Attorney Paul Magnarella, utilizing the writ of coram nobis, filed his first petition with the Federal District Court in Kansas outlining the judicial errors in Pete O’Neal’s 1970 trial and requesting a new trial. Magnarella argued that California Youth Authority law had expunged O’Neal’s early convictions, thereby making O’Neal ineligible for indictment under the Federal Gun Control Act. He also argued that Judge Arthur J. Stanley’s acceptance of the FBI’s warrantless wiretaps of O’Neal’s telephone and the judge’s refusal to hand over the data from the wiretaps to O’Neal were contrary to the U.S. Constitution. To justify O’Neal’s flight and fugitive status, Magnarella explained that O’Neal fled abroad to avoid threats on his life. Magnarella described how the FBI through its COINTEL program conspired with local police to commit illegal acts designed to eliminate the Black Panther Party.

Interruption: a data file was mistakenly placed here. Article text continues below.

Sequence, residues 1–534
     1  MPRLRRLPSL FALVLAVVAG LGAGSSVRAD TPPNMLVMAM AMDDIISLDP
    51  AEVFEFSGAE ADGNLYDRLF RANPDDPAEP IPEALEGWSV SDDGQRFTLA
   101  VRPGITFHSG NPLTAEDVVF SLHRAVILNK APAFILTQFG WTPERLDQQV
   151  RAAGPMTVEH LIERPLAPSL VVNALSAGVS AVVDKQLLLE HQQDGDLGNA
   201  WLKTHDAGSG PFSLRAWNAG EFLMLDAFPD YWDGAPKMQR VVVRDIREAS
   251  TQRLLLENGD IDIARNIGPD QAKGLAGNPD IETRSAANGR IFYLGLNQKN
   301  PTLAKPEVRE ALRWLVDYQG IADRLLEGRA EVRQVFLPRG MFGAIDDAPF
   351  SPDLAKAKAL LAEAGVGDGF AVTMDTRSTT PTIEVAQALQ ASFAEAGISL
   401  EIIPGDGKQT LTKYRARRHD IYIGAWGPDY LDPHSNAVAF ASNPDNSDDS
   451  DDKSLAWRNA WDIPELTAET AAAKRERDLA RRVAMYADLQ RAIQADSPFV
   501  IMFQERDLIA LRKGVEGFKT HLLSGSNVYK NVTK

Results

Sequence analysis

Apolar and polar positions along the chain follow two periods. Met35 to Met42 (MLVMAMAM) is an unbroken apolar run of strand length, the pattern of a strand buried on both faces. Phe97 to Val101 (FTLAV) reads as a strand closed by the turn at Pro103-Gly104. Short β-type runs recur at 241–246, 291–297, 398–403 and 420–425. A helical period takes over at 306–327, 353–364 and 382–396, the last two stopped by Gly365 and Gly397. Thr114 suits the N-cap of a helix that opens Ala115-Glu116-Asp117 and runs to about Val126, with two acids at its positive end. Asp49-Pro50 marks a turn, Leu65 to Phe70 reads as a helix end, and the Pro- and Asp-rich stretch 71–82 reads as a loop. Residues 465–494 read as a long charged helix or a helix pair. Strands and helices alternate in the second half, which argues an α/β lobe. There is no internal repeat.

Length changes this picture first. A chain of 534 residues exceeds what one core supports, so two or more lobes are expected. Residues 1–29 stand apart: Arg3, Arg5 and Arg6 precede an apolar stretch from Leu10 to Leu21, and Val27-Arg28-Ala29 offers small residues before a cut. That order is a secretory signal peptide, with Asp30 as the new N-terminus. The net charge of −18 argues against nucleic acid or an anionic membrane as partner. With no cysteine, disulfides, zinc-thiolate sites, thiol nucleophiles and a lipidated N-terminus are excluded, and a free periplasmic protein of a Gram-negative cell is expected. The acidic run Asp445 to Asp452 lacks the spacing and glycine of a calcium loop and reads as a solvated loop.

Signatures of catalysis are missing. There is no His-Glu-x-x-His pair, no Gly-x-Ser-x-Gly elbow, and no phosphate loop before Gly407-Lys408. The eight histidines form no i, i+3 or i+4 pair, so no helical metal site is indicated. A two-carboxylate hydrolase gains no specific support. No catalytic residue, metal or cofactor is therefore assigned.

Keywords: Paul Magnarella, Pete O’Neal, writ of coram nobis, California Youth Authority, Arthur J. Stanley, COINTEL program, fugitive